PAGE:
- EQA 250 offers single motor, near 500 km range
- Launches as front-drive, AWD and longer ranges coming
Mercedes-Benz has just launched the first compact crossover in the EQ family. The EQA arrives shortly starting with a front-drive model with a 486 km range on the NEDC test, though it’s not yet clear if the model will be coming to Canada and the US.
As the latest in the Mercedes-Benz EQ lineup, it’s named much like the automaker’s gas models. EQA means it’s a compact, and it will launch with EQA 250 badging referring to its 187 hp and 277 lb-ft of torque that put it quite close to the gas-powered (and similarly shaped and sized) GLA 250. Benz says there will be a whole family of EQAs coming, including versions with as much as 268 hp and with all-wheel drive. A version is also planned that can top 500 km on the WLTP cycle, compared with 426 for this model. That 426 km and the 486 km above aren’t mistakes, Mercedes-Benz is quoting the two different range test cycles in their release, and US and Canadian range figures would be much lower for the same model.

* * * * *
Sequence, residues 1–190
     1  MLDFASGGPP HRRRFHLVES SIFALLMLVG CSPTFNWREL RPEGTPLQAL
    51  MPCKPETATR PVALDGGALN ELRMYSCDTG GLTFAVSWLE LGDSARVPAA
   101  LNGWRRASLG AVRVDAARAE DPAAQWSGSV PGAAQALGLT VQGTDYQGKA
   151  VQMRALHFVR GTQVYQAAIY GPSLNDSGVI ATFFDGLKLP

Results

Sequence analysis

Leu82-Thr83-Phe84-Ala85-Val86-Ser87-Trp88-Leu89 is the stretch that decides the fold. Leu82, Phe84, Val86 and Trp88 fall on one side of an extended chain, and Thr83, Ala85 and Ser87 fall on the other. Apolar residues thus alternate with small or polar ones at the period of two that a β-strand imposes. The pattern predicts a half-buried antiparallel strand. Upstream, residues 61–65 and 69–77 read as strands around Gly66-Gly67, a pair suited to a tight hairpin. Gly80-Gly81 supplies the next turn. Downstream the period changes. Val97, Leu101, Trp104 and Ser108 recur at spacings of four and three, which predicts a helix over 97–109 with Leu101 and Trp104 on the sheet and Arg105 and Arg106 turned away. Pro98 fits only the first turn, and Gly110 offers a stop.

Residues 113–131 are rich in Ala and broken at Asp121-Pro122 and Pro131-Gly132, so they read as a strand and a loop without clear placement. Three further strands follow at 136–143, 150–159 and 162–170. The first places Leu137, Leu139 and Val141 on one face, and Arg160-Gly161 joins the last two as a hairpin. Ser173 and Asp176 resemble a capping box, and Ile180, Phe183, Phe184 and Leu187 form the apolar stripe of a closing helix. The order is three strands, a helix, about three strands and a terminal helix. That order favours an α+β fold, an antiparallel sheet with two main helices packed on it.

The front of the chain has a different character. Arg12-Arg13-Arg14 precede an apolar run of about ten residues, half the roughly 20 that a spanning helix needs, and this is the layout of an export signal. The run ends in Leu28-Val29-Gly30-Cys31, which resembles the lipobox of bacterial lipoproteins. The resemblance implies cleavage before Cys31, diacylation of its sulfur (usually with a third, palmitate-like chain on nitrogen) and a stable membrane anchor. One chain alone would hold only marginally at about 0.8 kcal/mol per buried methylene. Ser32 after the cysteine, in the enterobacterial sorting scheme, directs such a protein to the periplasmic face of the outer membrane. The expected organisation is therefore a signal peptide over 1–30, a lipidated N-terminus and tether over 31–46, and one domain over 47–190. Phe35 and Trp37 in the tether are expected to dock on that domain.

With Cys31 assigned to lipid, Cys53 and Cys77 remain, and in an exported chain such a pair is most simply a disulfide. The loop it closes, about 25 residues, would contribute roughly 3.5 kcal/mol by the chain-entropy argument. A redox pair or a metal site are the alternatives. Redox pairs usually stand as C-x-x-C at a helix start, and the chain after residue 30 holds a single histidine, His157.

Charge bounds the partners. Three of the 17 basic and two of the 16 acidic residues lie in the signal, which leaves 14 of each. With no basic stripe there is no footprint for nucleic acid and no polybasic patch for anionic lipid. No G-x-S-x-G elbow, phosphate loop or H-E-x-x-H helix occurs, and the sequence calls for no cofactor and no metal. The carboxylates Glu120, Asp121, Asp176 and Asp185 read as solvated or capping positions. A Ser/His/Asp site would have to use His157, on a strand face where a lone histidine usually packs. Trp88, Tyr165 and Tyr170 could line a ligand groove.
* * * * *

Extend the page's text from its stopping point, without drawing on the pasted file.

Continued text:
The Mercedes-Benz EQA 250 gets a 66.5 kWh battery, based on usable capacity. The front-mounted motor lets it hit 100 km/h in 8.9 seconds and a top speed of 160 km/h. If that acceleration figure seems a touch slow for the motor performance, blame that on vehicle weight, which tips the scale more like an S-Class than an A.
Outside, the EQA has similar styling to the rest of the current Mercedes crossover lineup, sleek, stylish, and modern. As an EQ, it adds a black panel faux-grille with a continuous light strip front and rear with fiber optic accents connecting the DRLs.
Inside it is much like the GLA, and given that model’s excellent interior and interfaces, that’s a compliment. MBUX is standard offering many configuration options and being displayed on either two 7.0-inch displays of the twin 10.25s in the photos. On high-spec cars, the dash trim is backlit for an even more futuristic look.
Available driver aids include radar cruise with emergency braking, active steer and stop, and blind spot assistance that can spot cyclists. Adaptive damping will be offered. The EQA will hit dealers in Germany starting this spring from 47,540 euros (tax in). That translates to around $73,000 Canadian, and while the price seems high, it’s only around 5,000 euros more than a GLA 250. Do the math against the Canadian spec GLA, and we’d expect a price somewhere around $50k if it’s brought here.